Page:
The organization of the biotech industry may be giving women more opportunities, said Laurel Smith-Doerr, Boston University associate professor who wrote the book “Women’s Work: Gender Equality vs. Hierarchy in the Life Sciences.”
Smith-Doerr’s research found that small biotech firms collaborate with other businesses and organizations, rather than working in a top-down hierarchy that limits flexibility. For example, in a top-down hierarchy, such as a university or big company, employees work with their supervisors. In collaborative organizations, which tend to be smaller companies, employees pick and choose who to work with based on projects they select.
Women have a better chance of succeeding in biotech’s collaborative model, Smith-Doerr said, because they will work with people who support them. Her proof is the in the numbers. Women are nearly eight times more likely to hold leadership positions in biotech companies than in pharmaceutical companies or universities, according to her research.
Robbie Melton, president of Women in Bio, started her company with three other women seven years ago to train women in starting technology companies.
“When we started, we found women were at a disadvantage in raising money over men,” she said. “They (women) didn’t know how to present, didn’t know how to ask questions and didn’t know how to get venture capital.”
Women in Bio started with a small number of members and has grown to more than 300 members in 15 states, with plans to expand further in the coming year, Melton said.
Despite the growth, it has not gotten much easier.
“If you’re starting your own biotech company, you’re working a lot of hours, taking on risk and making a huge financial investment,” Melton said. “If you ask, ‘Do a lot of women want to do that?’ I would say no.”
Douglass works 60 to 80 hours a week at Next Generation. She helps set up clinical trials for drugs tested on humans. She travels, is faced with tough business decisions and has put her whole life into the company.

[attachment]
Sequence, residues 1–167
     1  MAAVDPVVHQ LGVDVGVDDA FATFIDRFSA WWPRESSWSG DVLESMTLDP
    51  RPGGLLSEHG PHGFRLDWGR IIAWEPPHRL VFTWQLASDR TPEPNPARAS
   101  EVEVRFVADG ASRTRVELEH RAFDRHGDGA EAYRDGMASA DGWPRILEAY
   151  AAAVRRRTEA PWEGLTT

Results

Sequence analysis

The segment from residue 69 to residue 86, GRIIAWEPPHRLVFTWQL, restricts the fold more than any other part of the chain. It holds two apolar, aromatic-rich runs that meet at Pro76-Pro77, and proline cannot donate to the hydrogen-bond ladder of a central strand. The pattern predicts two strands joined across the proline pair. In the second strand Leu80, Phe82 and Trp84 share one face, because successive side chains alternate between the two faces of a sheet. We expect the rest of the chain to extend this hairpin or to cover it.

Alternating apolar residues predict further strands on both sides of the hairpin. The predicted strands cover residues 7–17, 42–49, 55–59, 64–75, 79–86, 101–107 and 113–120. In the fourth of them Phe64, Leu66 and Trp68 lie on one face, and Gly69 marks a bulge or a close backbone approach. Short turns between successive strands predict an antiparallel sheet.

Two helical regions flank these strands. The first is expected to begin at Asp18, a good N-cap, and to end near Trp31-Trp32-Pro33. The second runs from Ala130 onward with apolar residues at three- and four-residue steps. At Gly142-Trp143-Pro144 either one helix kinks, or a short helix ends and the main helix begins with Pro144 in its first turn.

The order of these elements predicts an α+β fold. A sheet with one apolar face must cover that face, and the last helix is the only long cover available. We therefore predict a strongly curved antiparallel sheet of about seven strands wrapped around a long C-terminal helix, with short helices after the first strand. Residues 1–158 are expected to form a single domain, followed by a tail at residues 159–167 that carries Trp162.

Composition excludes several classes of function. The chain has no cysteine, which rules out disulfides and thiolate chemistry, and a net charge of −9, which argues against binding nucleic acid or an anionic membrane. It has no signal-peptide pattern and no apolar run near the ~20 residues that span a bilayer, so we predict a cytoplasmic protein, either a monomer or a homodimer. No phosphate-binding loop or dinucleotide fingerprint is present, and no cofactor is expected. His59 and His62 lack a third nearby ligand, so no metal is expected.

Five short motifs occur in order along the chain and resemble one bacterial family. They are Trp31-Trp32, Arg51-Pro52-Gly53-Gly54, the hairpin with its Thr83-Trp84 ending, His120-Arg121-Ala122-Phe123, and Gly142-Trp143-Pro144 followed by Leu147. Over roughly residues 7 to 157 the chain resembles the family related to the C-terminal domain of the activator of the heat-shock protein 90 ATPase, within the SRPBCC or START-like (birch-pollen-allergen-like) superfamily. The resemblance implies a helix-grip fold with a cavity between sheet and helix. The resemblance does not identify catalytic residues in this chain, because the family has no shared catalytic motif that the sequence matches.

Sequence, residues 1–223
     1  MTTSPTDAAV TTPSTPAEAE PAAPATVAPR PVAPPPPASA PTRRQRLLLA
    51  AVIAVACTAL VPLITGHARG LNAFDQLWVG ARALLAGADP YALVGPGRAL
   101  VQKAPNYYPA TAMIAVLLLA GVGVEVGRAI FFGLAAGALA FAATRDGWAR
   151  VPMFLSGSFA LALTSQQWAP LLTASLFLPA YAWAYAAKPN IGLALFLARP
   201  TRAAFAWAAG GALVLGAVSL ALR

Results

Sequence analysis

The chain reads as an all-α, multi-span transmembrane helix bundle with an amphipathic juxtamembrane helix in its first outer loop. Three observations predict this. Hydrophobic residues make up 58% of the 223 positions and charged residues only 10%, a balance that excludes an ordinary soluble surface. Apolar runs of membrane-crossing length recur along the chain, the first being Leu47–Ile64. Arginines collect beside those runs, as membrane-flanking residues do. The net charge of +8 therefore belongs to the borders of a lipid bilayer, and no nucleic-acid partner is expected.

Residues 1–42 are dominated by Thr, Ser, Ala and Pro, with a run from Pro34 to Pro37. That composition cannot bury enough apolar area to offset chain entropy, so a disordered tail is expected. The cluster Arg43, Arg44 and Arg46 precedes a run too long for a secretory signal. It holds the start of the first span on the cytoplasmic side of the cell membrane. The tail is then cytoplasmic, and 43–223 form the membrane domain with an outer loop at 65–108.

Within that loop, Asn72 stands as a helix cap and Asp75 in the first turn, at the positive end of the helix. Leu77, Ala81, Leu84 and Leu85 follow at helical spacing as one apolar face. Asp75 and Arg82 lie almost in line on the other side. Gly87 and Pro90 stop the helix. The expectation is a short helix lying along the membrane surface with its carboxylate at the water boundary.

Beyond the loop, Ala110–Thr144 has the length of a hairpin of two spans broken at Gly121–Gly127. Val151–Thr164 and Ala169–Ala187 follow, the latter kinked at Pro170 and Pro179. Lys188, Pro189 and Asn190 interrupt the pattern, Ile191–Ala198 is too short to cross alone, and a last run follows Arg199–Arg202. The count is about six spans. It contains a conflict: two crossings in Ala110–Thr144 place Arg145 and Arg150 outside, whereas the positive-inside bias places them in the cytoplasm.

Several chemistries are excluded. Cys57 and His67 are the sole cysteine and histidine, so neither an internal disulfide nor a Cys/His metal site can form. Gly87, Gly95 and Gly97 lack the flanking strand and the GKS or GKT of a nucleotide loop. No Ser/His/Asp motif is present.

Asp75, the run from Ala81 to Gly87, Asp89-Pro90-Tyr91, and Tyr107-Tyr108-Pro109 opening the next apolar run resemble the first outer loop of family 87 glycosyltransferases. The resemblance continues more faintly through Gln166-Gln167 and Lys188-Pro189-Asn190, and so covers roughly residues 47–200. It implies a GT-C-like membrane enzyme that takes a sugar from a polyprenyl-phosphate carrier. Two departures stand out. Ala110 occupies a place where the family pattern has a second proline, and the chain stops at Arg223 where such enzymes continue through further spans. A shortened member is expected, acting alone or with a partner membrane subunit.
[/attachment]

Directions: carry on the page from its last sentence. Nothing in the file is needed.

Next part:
She also enjoys more flexibility — both in business and life — than she did at past jobs. She works long hours, but can be home every night for dinner. She travels, but brings her children with her. Her business is growing, but she can keep it small in order to make quick decisions without moving through layers of bureaucracy.
“We really do partner with our clients,” Douglass said. “That’s why I left the big machine, because we can do that. I feel amazing when a drug we worked on gets FDA (Food and Drug Administration) approval.”
She also knows the impact a woman-run company can have. All but two members of her staff are women; her company recently gave out college scholarships to two young women studying sciences; and her two daughters, ages 16 and 12, are both good students who know what their mom has accomplished. When it’s their turn, Douglass said, they will have more opportunities than she could ever imagine.
“I think I was a fairly strong student, but they’re doing things now I was doing in college,” Douglass said of her daughters. “The advances have changed and shifted downward. They’re more confident and are being permitted to go in different, new directions. Since I was in high school, things have changed dramatically.”